On ubuntu I'm using the following to create a ext3 filesystem image system.img.

dd if=/dev/zero of=./system.img bs=1000000 count=200
mkfs.ext3 ./system.img

I'm attempting to do the same on android platform. But the problem is I can't find a mkfs.ext3 binary for armv7 android. But I have mkfs.ext2 , mke2fs , tune2fs and e2fsck. So my question is, Is it possible to achieve the same result with the available binaries? If yes, how to do it?

  • Is your problem that you can't find a binary for Android (in which case, just make one, a statically compiled BusyBox), or that you need to rely on existing binaries (in which case, beware that different OEMs and different releases of Android come with different sets of utilities)? Commented Feb 27, 2012 at 0:46
  • @Gilles I'm making this app for only one phone, I tried to compile e2fsprogs for armv7 It cant be compiled statically, it uses dynamic. I'm fairly new to cross compiling so I didn't succeed. But It'll be nice if someone have already done it.
    – Binoy Babu
    Commented Feb 27, 2012 at 11:13
  • My bad, I checked, and BusyBox does not in fact support ext3 or ext4 (it accepts but ignores a filesystem type argument). So you'd need to make a statically compiled e2fsprogs or install a Linux in a chroot; both are possible, but overkill given that you have a solution with the tools you already have. Commented Feb 27, 2012 at 12:31

2 Answers 2


Actually yes. Since ext2 and ext3 are fairly similar, with the major difference being ext3 supports journalling, you should be able to:

tune2fs -j ./system.img

Which enables journalling. The conversion process is detailed here with the usual disclaimers about important information, messing with filesystems etc.

You can actually go back to ext2 too, if needed, by removing the journal. Also note - you'll need to change any auto-mount options to ext3 to actually enable use of the journal.

  • good one. Is not the journaling support natively available on android? I am surprised. So what is the default fs on it? Commented Feb 25, 2012 at 11:29
  • @NikhilMulley I'm... not sure. I checked my mount output and vfat shows up - I'm guessing its the default much as it is for MP3 players and other small devices. Various parts (system images by the look of it) are mounted ro, too, which makes journalling unnecessary even if fat supported it.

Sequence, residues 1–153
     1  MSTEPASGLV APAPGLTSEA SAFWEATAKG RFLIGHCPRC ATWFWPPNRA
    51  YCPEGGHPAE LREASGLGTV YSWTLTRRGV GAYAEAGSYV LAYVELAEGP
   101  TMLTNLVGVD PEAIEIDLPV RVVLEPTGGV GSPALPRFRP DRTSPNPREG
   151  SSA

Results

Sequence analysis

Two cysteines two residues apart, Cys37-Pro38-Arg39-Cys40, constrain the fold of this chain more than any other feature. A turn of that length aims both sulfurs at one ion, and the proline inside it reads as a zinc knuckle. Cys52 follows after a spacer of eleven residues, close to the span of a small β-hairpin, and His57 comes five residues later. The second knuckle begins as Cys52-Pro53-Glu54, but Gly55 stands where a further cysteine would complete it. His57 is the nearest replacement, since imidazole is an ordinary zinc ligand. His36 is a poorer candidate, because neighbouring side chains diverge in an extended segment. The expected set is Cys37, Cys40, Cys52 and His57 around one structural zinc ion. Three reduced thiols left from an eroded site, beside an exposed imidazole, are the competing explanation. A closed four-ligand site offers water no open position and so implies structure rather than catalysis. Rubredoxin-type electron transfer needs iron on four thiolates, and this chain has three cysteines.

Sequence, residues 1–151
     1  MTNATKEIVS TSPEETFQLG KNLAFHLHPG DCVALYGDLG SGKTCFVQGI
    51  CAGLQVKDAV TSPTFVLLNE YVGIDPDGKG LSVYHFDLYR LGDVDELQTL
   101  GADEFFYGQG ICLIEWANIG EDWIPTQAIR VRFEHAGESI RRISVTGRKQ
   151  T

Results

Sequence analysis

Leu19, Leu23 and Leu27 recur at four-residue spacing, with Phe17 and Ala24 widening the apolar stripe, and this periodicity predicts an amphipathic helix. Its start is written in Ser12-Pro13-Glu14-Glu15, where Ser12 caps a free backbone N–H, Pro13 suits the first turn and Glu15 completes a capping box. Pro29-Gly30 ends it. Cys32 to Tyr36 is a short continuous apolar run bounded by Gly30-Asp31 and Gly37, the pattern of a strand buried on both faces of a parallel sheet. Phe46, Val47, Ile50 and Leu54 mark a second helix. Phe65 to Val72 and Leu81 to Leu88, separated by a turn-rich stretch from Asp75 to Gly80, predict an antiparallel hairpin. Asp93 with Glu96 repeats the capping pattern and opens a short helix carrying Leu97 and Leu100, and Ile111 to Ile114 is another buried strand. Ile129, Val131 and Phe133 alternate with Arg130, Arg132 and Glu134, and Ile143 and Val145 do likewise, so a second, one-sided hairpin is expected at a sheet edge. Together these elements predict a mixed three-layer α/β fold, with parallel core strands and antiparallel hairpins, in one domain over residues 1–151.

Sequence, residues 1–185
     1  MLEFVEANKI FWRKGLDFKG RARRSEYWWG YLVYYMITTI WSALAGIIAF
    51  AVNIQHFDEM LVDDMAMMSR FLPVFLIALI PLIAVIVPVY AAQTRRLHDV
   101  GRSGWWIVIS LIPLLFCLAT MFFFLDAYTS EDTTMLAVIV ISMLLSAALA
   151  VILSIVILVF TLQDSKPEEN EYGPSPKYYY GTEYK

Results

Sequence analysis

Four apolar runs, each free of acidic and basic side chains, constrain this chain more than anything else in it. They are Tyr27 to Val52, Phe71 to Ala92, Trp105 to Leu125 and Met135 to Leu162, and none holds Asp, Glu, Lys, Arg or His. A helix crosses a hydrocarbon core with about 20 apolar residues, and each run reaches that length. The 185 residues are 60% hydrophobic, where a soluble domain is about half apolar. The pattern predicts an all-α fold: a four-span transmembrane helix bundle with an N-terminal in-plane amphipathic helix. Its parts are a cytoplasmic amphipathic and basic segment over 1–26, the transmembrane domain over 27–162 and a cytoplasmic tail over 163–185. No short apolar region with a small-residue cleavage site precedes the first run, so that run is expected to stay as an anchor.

– user119
    Commented Feb 25, 2012 at 11:37
  • so I would use mkfs.ext2 ./system.img && tune2fs -j ./system.img right?
    – Binoy Babu
    Commented Feb 25, 2012 at 14:25
  • yep I can conirm that it works, $ file system.img system.img: Linux rev 1.0 ext3 filesystem data, UUID=168a5dd8-26b0-423b-abdf-545c5a8a8ab0. Thanks
    – Binoy Babu
    Commented Feb 25, 2012 at 14:28

mkfs.ext[234] are all symlinks to mke2fs, so just run mke2fs -F -T ext3 ./system.img.

  • /mnt/sdcard # mke2fs -t ext3 system.img unknown option -- tBusyBox v1.19.4-cm9 bionic (2012-02-05 18:40 +0100) multi-call binary. Usage: mke2fs [-Fn] [-b BLK_SIZE] [-i INODE_RATIO] [-I INODE_SIZE] [-m RESERVED_PERCENT] [-L LABEL] BLOCKDEV [KBYTES] -b BLK_SIZE Block size, bytes -F Force -i RATIO Max number of files is filesystem_size / RATIO -I BYTES Inode size (min 128) -L LBL Volume label -m PERCENT Percent of blocks to reserve for admin -n Dry run I get this when I run that.
    – Binoy Babu
    Commented Feb 25, 2012 at 20:25
  • That's a typo in your answer. The right one is mke2fs -F -T ext3 system.img
    – Binoy Babu
    Commented Feb 25, 2012 at 20:30
  • @BinoyBabu Strange; his way should work with a standard mke2fs (other than forgetting the device); it must be something with Busybox Commented Feb 25, 2012 at 20:40
  • It didn't work, It created the fs sucessfully but the created fs turned out to be ext2. Some werid problem with busybox. $ file system.img system.img: Linux rev 1.0 ext2 filesystem data, UUID=cf32ba30-2a3f-402d-9c05-43fbcd298d11
    – Binoy Babu
    Commented Feb 25, 2012 at 20:42
  • 1
    @psusi BionyBabu has the BusyBox version of mke2fs, not the more complete one from e2fsprogs normally found on non-embedded systems. The BusyBox version only supports ext2, and most of the options it accepts are in fact silently ignored. Commented Feb 27, 2012 at 12:34

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